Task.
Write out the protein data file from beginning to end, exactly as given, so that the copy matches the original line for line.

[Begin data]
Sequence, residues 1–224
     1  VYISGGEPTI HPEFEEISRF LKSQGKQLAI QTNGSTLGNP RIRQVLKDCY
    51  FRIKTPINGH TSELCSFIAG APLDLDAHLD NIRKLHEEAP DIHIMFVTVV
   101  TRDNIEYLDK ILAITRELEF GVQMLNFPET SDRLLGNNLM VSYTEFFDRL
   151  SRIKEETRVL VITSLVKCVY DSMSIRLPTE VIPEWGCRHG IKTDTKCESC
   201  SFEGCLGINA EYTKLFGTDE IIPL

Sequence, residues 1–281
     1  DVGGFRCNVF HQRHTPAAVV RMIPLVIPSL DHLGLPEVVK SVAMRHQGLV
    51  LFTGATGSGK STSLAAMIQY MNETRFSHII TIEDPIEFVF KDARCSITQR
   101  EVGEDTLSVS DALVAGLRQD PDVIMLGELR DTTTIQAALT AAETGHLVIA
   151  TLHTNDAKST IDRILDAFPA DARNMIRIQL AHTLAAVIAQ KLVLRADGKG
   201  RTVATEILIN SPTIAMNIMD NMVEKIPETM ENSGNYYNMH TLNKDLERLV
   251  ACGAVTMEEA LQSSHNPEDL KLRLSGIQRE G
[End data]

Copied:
Sequence, residues 1–224
     1  VYISGGEPTI HPEFEEISRF LKSQGKQLAI QTNGSTLGNP RIRQVLKDCY
    51  FRIKTPINGH TSELCSFIAG APLDLDAHLD NIRKLHEEAP DIHIMFVTVV
   101  TRDNIEYLDK ILAITRELEF GVQMLNFPET SDRLLGNNLM VSYTEFFDRL
   151  SRIKEETRVL VITSLVKCVY DSMSIRLPTE VIPEWGCRHG IKTDTKCESC
   201  SFEGCLGINA EYTKLFGTDE IIPL

Sequence, residues 1–281
     1  DVGGFRCNVF HQRHTPAAVV RMIPLVIPSL DHLGLPEVVK SVAMRHQGLV
    51  LFTGATGSGK STSLAAMIQY MNETRFSHII TIEDPIEFVF KDARCSITQR
   101  EVGEDTLSVS DALVAGLRQD PDVIMLGELR DTTTIQAALT AAETGHLVIA
   151  TLHTNDAKST IDRILDAFPA DARNMIRIQL AHTLAAVIAQ KLVLRADGKG
   201  RTVATEILIN SPTIAMNIMD NMVEKIPETM ENSGNYYNMH TLNKDLERLV
   251  ACGAVTMEEA LQSSHNPEDL KLRLSGIQRE G